Kurt Joachim Fischer

Kurt Joachim Fischer (1 June 1911 – 14 March 1979) was a German writer who worked as a journalist, film critic and screenwriter. He was the co-founder and first director of the International Filmfestival Mannheim-Heidelberg.

Kurt Joachim Fischer
Kurt Joachim Fischer.jpg
Born(1911-06-01)1 June 1911
Konstanz, Germany
Died14 March 1979(1979-03-14) (aged 67)
Stuttgart, Germany
EducationHeidelberg University
Occupation
  • journalist
  • screenwriter
RelativesHansgünther Heyme (stepson)

Life and careerEdit

Fisher was born in Konstanz and received his doctorate from Heidelberg University in 1936 with a thesis on the organization of labour in the German civil service.[1] He worked as a journalist and during World War II served in the German army as a war reporter and propaganda officer in charge of the Panzer-Propaganda-Kompanie 697 unit. Under the name Dr. Joachim Fischer, he published and wrote for The Panzerfaust, the unit's propaganda magazine as did Heinz Heydrich. According to an account by Fischer published after the war, from 1942 to 1944 he and Heydrich participated in an underground operation that helped Jews escape from Berlin to Sweden via Copenhagen by providing them with forged identification and travel documents. The documents were printed in the Panzer-Propaganda-Kompanie's print works. The print works came under investigation in 1944 and the rescue operation was aborted. Shortly thereafter, Heydrich committed suicide. Fischer was eventually sentenced to a six-year prison term.[2][3][4]

Fischer's stepson, Hansgünther Heyme, who was ten years old at the time, recalled that he and his mother had heard on the radio in early 1945 that Fischer had been executed at the prison in Torgau on the orders of Roland Freisler's People's Court. Several months later, Heyme was playing outside in Bad Kissingen when a bedraggled man appeared on a bicycle. It was Fischer. Although at one point Fischer had been sentenced to death, the radio broadcast had been a hoax. According to the obituary of Fischer by Eckhard Becker in the Rhein-Neckar-Zeitung, a Gauleiter and former Nazi student leader at Heidelberg university convinced Heinrich Himmler to commute his friend's death sentence to imprisonment. Fischer was eventually freed by the American and Soviet troops who had entered the town on 25 April 1945.[5][6]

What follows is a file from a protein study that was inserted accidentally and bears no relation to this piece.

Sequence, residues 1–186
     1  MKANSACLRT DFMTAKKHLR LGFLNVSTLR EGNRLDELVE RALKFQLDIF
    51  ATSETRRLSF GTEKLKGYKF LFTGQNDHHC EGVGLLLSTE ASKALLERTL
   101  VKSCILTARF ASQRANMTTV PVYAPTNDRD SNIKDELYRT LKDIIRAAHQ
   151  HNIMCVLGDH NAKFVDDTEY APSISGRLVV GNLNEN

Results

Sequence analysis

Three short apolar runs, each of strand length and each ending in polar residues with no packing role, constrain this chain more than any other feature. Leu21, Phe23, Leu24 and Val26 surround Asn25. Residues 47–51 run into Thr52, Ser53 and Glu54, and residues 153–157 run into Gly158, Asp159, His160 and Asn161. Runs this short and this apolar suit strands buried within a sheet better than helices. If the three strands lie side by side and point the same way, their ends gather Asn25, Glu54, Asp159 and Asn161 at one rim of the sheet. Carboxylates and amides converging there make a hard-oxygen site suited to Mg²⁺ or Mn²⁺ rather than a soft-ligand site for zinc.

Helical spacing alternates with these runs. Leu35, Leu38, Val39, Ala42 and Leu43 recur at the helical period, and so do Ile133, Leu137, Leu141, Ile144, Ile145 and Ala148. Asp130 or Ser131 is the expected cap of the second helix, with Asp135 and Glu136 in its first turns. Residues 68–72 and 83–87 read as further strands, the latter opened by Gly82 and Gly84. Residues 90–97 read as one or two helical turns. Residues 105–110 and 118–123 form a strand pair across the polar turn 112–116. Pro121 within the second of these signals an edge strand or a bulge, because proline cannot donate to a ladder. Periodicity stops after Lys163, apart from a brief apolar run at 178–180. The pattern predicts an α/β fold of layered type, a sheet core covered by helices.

After the war, the Fischer family settled in Heidelberg where Fischer wrote for many magazines and newspapers, especially about film and theatre. He also began writing screenplays which included those for Liebe 47, Wer fuhr den grauen Ford?, and Bernhard Wicki's debut film Warum sind sie gegen uns? [de]. In 1952, he became the founding director of the Mannheim Cultural and Documentary Film Week, which later became the International Filmfestival Mannheim-Heidelberg and served in that capacity until 1960. During his time there he was instrumental in getting the East German film company DEFA to participate in the festival. Later in his career he made television documentaries on the theatre directors Fritz Kortner and Erwin Piscator and served as a consultant on film funding to the German Interior Ministry.[7][6]

Fischer died in Stuttgart at the age of 67.

BooksEdit

  • Der Gefangene von Stalingrad: Bericht eines Heimgekehrten (1948). Willsbach: Scherer Verlag (memoirs of the German army on the Eastern Front)[8]
  • Niehans, Arzt des Papstes (1957). Munich: Andermann (biography of Paul Niehans)[9]
  • Studie zur Entwicklung und Konzeption eines neuen Kinotyps für Kleinstädte und kinolose Gemeinden (1970). Duisburg: Atlas Schmalfilm (on the development of new cinema types for small towns and cinematic communities)[10]

ReferencesEdit

  1. ^ OCLC 246014719. Retrieved 4 March 2019.
  2. ^ Huber, Axel (2009). Einestages: "Flucht nach Schweden 1942 - Wer kennt die Ereignisse?". Der Spiegel. Archived version retrieved 4 March 2019 (in German).
  3. ^ Meza, Ed. (5 November 2011) "German film fest targets fresh talent". Variety. Retrieved 4 March 2019.
  4. ^ Dederichs, Mario R. (2006), Heydrich: The Face of Evil, p. 166. Greenhill Books. ISBN 1853676861
  5. ^ Gönna, Lars von der (5 August 2016). "Hansgünther Heyme: „Ich habe nur Angst kennengelernt“". Der Westen. Retrieved 4 March 2019 (in German).
  6. ^ a b Kötz, Michael (November 2018). "Ein Festival mit Geschichte". 67. Internationales Filmfestival Mannheim-Heidelberg, pp. 10–11. Retrieved 4 March 2019 (in German).
  7. ^ Moine, Caroline (ed.) (2018). Screened Encounters: The Leipzig Documentary Film Festival, 1955-1990, pp. 37, 46, 52, 58. Berghahn Books. ISBN 1785339109
  8. ^ OCLC 989779512. Retrieved 4 March 2019.
  9. ^ OCLC 1068434834. Retrieved 4 March 2019.
  10. ^ OCLC 1073473728. Retrieved 4 March 2019.

External linksEdit